#ThrowbackThursday : Godfather Part III (1990)

Each time a mob movie releases, one can’t help but compare them to the Godfather series. If there ever was a fictional crime family designed to strike fear, admiration and capture the audience’s collective imagination, then La Famiglia Corleone it is. Even in Francis Ford Coppola and Mario Puzo’s universe though, there is a ranking order, and The Godfather Part III comes in a distant third. Puzo and Coppola too treat the movie with the embarrassment one reserves for an incontinent or ugly child. But, is it really that bad? Or, just terribly misunderstood?
As the DVD slides in and the movie begins to play, we’re back in New York City with a much older Michael Corleone (Al Pacino), who’s getting a papal award, from an Archbishop, in a church. And the roof didn’t come crashing down? How did this happen? During and after the last movie, he made a ton of money, feels a ton of Catholic guilt and decides to legitimize the Corleone name and business. At the lavish after party, much time is spent establishing this Michael Corleone 2.0. Kay (Diane Keaton) and he have divorced and have a super awkward reunion. Vincent Mancini (Andy Garcia, as Sonny Corleone’s illegitimate son) shows up in a snit against Joey Zasa, the mobster now running Corleone territory, but Michael calms him down. Joey Zasa (Joe Mantegna) enters. All cool, because he doesn’t fear this new version of Michael and Vincent bites his ear, making it bleed. I kid you not! So, Joey starts a little war on the side with Vincent – he sends some people to kill him and they get killed instead. So, Joey’s now got beef with the Corleones.
Meanwhile, in the corporate world, Michael tries to buy the Vatican’s shares in some company, by giving $600 million to the Vatican Bank through Archbishop Gilday (who basically bankrupted the Holy See). Later he finds out that many influential parties are against the deal, because well, it’s the Corleones. This, and the Pope’s ill-health mean that the deal doesn’t go through. Also, I just figured out why nobody likes this movie: too much time spent in the boardroom, and not enough in bedrooms with dead horses!
So, in the interest of maintaining one’s interest in the movie, let’s move back to the mafia. Don Altobello (Eli Wallach), a smarmy old mafia chief moseys over to Michael and wants to get in on this corporate deal, and so do the other dons. So Michael gives them some millions each to keep them happy, and it works. Well, sort of. Zasa gets nothing, gets mad, announces that Michael is now his enemy, and storms out of the meeting with Altobello scuttling after him. Then, a helicopter hovers over the conference room, sprays bullets and kills everyone in the ensuing bloodbath. Yay for mafia movies!
Thankfully, Michael, Vincent and Al Neri (Richard Bright as Michael’s old bodyguard) escape. But, Michael winds up in the hospital anyway due to a diabetic stroke, but not before he figures out that slimy old Altobello was in cahoots with Zasa. Vincent kills Zasa and somehow, we’re now in Sicily about to hear Michael’s son, Anthony sing opera, while plans are being hatched by Michael, Vincent and Altobello. Vincent pretends to befriend shady Altobello and then pretends to befriend his even shadier friend, Lucchesi. And, now, we descend to corporate humdrum, because the scary Lucchesi is the mastermind behind a Vatican scam, along with Archbishop Gilday, and Vatican accountant Frederick Keinszig. Yawn! Thankfully, Altobello livens things up and hires two assassins to kill Michael. But, they kill an old friend of his instead and Michael gets weepy and promises never to sin again. This, I fear, was the moment, I realized I had joined the multitude of people who dislike this movie. Nobody likes a weak, weepy, whiny, self-pitying Don Corleone. Michael evidently agreed with me and made Vincent the new Don Corleone. As Connie (yes, Talia Shire is back) leads Michael through the doorway, he looks back to see Vincent’s men paying obeisance to the new Don. While Anthony is singing, Vincent, as the new don, goes on a killing spree, Connie poisons Altobello and Mary (poor, poor Sofia Coppola) is killed by the assassins. The end!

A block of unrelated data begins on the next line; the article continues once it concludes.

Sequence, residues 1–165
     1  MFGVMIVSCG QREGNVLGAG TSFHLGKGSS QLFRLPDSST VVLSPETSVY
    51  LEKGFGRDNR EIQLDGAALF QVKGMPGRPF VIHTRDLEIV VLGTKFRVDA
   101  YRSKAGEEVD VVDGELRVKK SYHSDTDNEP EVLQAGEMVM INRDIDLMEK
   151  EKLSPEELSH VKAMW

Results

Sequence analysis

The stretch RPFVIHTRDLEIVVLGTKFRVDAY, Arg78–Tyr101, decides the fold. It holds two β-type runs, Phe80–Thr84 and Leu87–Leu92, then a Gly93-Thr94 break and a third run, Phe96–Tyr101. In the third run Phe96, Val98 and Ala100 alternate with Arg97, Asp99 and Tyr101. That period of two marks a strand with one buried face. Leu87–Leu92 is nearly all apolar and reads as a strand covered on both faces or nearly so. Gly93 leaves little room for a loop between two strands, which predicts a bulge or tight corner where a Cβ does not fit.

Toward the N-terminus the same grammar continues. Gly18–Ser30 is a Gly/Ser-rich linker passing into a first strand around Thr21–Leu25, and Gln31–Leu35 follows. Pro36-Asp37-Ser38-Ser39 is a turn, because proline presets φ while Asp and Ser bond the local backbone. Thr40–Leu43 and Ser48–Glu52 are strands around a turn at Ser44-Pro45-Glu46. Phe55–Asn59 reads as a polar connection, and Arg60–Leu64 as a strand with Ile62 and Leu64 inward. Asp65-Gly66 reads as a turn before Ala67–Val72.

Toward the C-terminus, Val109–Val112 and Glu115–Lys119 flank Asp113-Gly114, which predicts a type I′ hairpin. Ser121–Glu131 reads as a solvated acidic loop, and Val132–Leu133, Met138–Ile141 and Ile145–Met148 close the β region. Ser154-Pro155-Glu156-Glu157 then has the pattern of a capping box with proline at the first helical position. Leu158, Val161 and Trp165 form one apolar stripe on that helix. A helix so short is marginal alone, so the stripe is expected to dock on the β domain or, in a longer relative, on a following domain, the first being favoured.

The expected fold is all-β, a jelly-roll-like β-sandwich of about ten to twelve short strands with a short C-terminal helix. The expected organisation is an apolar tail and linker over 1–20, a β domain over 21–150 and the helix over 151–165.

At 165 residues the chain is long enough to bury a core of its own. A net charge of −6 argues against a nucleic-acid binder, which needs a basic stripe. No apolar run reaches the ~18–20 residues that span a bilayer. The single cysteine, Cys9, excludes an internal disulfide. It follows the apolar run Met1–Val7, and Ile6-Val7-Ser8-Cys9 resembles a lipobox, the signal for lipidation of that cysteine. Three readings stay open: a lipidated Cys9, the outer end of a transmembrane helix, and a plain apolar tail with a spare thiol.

This movie was just all over the place, with the lack of connection between the NYC and Sicily storylines, the unnecessary Vatican stuff, dull boardroom drama and a painfully angsty Michael. I was just exhausted by the end of it. Maybe, it sucked because the first two were made just two years apart (1972 and 1974) and this one came way later in 1990 and hence, expectations were really high. Maybe it sucked because Michael Corleone and Al Pacino got old, and he couldn’t play Michael the way he did before, the way we wanted him to be. Maybe it sucked because the mafia in its old form didn’t exist anymore and even their dark, heavy suits felt outdated. The role of the mafia and the crime families is minuscule and while Michael is still kind of a gangster, he’s now a corporate gangster, and so, there isn’t as much gore as we’d like.
This was fundamentally Michael‘s story and had little, if anything to do with the first two movies. Coppola and Puzo admitted that this was an epilogue, a way to put Michael to rest; They originally wanted to call the movie The Death of Michael Corleone. Unfortunately, Michael Corleone, as we knew and loved, died way before the final scene.